Dr. Trotz underscored regional environmental advocacy, particularly in the context of the Paris Agreement, and highlighted the relevance of Guyana’s Low Carbon Development Strategy in promoting transparency and inclusion. Guyana has long been a net-negative emitter of carbon. The current government has prioritised maintaining Guyana’s long track record of forest preservation despite its move into oil and gas production.
The second panel explored emerging business imperatives. Ms. Tamara Maxwell, Senior Vice President of the Office of Small Business at EXIM Bank United States, discussed the nexus between innovation and the economy. She introduced the audience to EXIM Bank’s role in connecting businesses and contracts, particularly considering the recent Memorandum of Understanding (MOU) between the bank and the Co-operative Republic of Guyana.
Ms. Oslene Carrington, founder of the Guyana Economic Development Trust and the Guyanese-based Economic Development Fund, highlighted the importance of innovation and investment for economic growth. She emphasized the Guyana Innovation Prize and the Economic Development Accelerator as avenues to drive innovation and foster entrepreneurship among the Guyanese Diaspora.
The panelists and guest speakers collectively offered thoughtful perspectives on Guyana’s oil wealth, emphasizing implications for present and future considerations. Whether through educational transformation, environmental stewardship, or innovation and investment, their insights aimed to bridge key developmental gaps and contribute to Guyana’s ongoing transformation and shared prosperity. The symposium served as a platform for engaging in dialogue. It highlighted the imperative of addressing educational, environmental, and business challenges as Guyana navigates its evolving landscape in the era of oil and gas. By embracing strategic interventions, fostering environmental stewardship, and promoting innovation and investment, Guyana can pave the way for a prosperous and sustainable future.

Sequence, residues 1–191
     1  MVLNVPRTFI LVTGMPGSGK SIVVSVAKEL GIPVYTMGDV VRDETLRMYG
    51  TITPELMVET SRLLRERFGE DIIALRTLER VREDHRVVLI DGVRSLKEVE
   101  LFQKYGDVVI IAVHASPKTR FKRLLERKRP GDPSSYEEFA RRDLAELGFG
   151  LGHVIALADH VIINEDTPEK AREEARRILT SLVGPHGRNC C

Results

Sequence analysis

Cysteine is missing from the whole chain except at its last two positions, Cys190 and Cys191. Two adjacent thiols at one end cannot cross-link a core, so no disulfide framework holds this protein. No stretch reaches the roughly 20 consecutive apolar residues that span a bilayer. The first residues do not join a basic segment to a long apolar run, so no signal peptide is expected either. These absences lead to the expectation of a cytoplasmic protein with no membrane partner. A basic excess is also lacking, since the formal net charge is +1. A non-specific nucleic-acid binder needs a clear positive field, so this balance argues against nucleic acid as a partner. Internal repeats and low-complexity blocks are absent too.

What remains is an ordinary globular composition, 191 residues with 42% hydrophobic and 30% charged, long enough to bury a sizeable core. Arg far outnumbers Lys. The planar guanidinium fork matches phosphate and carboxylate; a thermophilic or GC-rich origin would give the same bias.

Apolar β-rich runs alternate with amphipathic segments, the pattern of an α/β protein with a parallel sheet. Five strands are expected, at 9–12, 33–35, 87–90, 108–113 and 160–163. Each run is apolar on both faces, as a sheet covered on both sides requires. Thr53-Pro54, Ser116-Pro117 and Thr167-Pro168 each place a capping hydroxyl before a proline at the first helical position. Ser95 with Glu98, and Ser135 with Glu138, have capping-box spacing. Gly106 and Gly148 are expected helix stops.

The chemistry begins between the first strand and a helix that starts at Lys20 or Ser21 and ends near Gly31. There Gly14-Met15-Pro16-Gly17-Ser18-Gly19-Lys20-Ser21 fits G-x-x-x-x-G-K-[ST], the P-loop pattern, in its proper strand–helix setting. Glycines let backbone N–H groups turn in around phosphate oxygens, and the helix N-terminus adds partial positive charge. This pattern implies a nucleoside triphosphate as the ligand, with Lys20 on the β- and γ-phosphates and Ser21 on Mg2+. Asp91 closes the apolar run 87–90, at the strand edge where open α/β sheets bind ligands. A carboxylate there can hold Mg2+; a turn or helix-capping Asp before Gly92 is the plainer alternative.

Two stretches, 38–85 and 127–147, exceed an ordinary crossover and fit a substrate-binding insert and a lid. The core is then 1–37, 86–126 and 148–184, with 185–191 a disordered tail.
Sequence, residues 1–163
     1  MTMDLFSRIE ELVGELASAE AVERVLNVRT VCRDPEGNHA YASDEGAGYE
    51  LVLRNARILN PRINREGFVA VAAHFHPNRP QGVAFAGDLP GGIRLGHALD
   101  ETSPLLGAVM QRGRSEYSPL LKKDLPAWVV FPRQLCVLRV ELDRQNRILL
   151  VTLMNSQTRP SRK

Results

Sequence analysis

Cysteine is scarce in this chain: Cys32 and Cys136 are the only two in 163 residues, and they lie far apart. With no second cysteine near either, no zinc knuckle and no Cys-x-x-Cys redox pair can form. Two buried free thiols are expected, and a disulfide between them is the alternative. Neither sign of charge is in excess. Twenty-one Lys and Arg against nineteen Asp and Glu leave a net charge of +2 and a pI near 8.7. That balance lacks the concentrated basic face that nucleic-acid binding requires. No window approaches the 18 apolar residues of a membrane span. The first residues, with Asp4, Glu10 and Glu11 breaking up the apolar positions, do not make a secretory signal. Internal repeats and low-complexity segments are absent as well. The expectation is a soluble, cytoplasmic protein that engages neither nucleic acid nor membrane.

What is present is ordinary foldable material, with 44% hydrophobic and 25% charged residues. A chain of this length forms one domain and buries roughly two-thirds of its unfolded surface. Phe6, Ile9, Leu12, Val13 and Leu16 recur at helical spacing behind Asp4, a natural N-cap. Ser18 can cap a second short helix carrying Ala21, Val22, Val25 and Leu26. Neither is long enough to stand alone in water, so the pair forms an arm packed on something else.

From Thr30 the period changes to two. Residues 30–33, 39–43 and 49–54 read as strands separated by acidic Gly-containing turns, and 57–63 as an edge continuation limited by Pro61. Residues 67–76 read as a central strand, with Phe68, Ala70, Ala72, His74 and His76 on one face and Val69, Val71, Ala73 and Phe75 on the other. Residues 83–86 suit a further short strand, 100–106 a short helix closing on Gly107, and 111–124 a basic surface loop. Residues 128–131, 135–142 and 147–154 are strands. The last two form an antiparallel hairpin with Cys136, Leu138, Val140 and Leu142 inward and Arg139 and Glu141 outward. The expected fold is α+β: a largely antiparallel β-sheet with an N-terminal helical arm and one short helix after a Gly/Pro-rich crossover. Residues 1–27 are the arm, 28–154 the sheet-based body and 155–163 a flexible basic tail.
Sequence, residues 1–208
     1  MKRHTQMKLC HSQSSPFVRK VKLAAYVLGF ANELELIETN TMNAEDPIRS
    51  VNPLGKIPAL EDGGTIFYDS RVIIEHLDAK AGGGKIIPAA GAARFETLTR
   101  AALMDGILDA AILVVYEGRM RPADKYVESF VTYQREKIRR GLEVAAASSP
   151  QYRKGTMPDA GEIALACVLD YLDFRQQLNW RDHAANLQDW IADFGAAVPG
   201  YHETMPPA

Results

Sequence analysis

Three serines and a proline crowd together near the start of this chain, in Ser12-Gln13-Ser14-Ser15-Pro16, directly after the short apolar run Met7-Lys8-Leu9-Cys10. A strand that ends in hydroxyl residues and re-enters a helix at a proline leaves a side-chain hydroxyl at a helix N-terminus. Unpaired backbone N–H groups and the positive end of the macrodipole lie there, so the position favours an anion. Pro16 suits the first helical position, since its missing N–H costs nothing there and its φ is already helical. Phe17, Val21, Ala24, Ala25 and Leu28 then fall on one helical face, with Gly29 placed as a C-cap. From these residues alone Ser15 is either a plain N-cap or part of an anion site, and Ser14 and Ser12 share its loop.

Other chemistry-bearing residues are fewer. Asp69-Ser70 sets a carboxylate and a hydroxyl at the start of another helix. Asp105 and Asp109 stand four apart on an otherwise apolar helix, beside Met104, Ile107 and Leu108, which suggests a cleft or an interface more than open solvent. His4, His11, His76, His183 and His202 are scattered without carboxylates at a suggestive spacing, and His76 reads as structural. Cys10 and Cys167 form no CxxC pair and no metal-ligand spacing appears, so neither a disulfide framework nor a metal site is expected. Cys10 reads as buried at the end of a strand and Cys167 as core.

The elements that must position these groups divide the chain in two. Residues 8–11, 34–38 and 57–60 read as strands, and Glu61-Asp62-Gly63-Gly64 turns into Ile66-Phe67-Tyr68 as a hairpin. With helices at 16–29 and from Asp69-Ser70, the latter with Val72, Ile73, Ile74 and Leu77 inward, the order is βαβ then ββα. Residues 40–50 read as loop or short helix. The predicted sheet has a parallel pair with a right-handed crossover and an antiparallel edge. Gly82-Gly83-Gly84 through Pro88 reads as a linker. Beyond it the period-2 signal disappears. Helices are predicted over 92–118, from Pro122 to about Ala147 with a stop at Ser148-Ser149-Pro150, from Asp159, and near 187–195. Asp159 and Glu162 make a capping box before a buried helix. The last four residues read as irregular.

About the Authors
Tash Van Doimen was born and raised in Georgetown, Guyana. She holds a master’s degree in development policy from the KDI School of Public Policy and Management with a double major in International and Sustainable Development. She used this opportunity to examine Guyana’s oil industry and the nexus between economic development and environmental implications. Ms. Van Doimen began her journalism career, covering hard news and featured articles. In 2015, the Theatre Guild awarded her for ‘Consistent Coverage of the Arts in the Media.’ The same year, Ms. Van Doimen began her career as a Foreign Service Officer, representing Guyana on multiple forums and speaking on various issues aligned with Guyana’s Foreign Policy.
Dr. Terrence Richard Blackman, associate professor of mathematics and a founding member of the Undergraduate Program in Mathematics at Medgar Evers College, is a member of the Guyanese diaspora. He is a former Dr. Martin Luther King Jr. Visiting Professor at MIT and a Visitor to The School of Mathematics at The Institute for Advanced Study. Dr. Blackman has previously served as Chair of the Mathematics Department and Dean of the School of Science, Health, and Technology at Medgar Evers College, where he has worked for almost thirty years. He graduated from Queen’s College, Guyana, Brooklyn College, CUNY, and the City University of New York Graduate School. He is the Founder of the Guyana Business Journal & Magazine.